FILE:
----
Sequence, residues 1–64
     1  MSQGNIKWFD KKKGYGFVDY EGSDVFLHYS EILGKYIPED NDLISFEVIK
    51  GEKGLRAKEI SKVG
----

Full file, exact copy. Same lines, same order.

Sequence, residues 1–64
     1  MSQGNIKWFD KKKGYGFVDY EGSDVFLHYS EILGKYIPED NDLISFEVIK
    51  GEKGLRAKEI SKVG